Ok then – the Louis Vuitton America’s Cup Qualifiers & Challenger Playoffs are over but the big dance is about to begin! This weekend, once again, the New Zealand team will challenge the American team (are there any Americans on that boat?) for the honor of holding up the oldest trophy in sports history. It should be a fun batch of races, but what have we learned so far by watching the absolute premier event the sailing world has to offer?
Well, for one thing we learned that man can now build a racing yacht that can more than triple the wind speed and hit speeds close to 50-knots. We know, we know… you have achieved 4-knots of boat speed in 1-knot of breeze in your Catalina 30 but you were being towed at the time and that simply doesn’t count. We also learned that sailboats aren’t really boats anymore, they’re just low flying planes that have some sort of relationship with water. In fact, the minute they touch down and behave like boats, they lose! It’s a brave new world that purists are struggling with but others are thoroughly enjoying.
This past couple of weeks of America’s Cup sailing has certainly been every bit as exciting as organizers must have hoped for when Russell Coutts pushed hard for this format years ago. The unexpected nature of this new style of sailboat racing has provided the addictive element that makes for anticipated and repeat viewing.
Beyond the abundance of lead changes, turbo-charged starts and sudden system failures/breakages, the AC prelims have also had some really unexpected moments. Never before has an America’s Cup audience been watching a start and seen a boat literally fly out of the water doing 32-knots and capsize, pitch pole style, like the New Zealand team did against Britain in day 2 of the America’s Cup Challenger Playoff Semi-Finals. They obviously lost the race but the resilient Kiwi team came back the next day and eventually kicked BAR to the curb.
On another day of racing, Artemis team skipper Nathan Outteridge performed a tack and while crossing to the other side, which involves a 25-foot sprint across a trampoline, he slipped and fell clean off the boat. Suddenly the Swedish team was skipperless and wondering what to do. They tried to improvise for a hot minute but then decided it was better not to break the boat and essentially waved the white flag. The Artemis chase boat scooped Outteridge up, but not before he had a little apprehension while bobbing in the water.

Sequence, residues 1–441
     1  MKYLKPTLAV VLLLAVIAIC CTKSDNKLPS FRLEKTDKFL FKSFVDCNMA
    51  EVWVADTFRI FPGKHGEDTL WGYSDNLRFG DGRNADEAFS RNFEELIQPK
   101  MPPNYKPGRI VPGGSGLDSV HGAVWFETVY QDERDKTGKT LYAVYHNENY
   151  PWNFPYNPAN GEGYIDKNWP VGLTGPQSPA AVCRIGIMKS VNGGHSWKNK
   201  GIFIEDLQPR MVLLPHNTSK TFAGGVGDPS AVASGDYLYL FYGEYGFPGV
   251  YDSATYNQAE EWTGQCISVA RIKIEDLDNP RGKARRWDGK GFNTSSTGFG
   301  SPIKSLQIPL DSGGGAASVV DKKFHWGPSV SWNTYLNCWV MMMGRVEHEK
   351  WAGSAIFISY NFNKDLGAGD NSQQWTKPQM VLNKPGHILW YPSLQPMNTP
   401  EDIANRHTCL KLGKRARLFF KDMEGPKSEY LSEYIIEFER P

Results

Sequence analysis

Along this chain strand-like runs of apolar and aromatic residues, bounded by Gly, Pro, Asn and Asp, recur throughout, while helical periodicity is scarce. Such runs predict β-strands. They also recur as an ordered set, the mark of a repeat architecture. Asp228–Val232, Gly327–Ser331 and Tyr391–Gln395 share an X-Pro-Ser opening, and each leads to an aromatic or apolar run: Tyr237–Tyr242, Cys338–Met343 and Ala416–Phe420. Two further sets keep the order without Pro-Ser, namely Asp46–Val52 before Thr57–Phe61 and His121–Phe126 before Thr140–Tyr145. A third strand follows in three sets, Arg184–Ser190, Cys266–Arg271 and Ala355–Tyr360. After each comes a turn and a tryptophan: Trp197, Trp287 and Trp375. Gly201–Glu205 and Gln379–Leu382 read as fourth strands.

It’s this kind of action that is making the 35th AC something to talk about. Although some say this format is completely unrelatable for normal everyday sailors, we disagree.
- Yes, the boats fly while your average boat does not fly.
- Yes they have actual airplane wings with flaps that most boats don’t have.
- Yes, they sail at nearly 50-knots with none of the boat in the water, which doesn’t usually happen on the club level.
- Yes, there are really only two true sailors on board because the rest of the crew act as essentially a power plant, which is not a common way to go sailing.
- But, there is a Mylar jib! We all recognize that! Yay for the jib! It’s self-tacking so no one trims it but at least it’s there! We love the jib.
But seriously, it’s true the contemporary AC is a different animal and maybe a far cry from the days of Dennis Conner and Ted Turner, but it is still just sailing around the cans, well… flying around the cans. You get the point. It’s wind and boats and big time sailors competing center stage. It’s still the hottest ticket in the world of high-level sailing/design and if we embrace it for what it is, it’s kind of fun to watch.